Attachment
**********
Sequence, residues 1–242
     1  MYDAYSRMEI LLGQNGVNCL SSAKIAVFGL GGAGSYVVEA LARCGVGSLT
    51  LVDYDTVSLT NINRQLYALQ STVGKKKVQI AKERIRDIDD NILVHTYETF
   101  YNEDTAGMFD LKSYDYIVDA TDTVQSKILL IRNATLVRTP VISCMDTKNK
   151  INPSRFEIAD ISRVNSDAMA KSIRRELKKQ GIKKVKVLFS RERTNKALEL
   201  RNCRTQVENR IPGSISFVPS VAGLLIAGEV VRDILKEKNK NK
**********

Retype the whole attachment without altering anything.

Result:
Sequence, residues 1–242
     1  MYDAYSRMEI LLGQNGVNCL SSAKIAVFGL GGAGSYVVEA LARCGVGSLT
    51  LVDYDTVSLT NINRQLYALQ STVGKKKVQI AKERIRDIDD NILVHTYETF
   101  YNEDTAGMFD LKSYDYIVDA TDTVQSKILL IRNATLVRTP VISCMDTKNK
   151  INPSRFEIAD ISRVNSDAMA KSIRRELKKQ GIKKVKVLFS RERTNKALEL
   201  RNCRTQVENR IPGSISFVPS VAGLLIAGEV VRDILKEKNK NK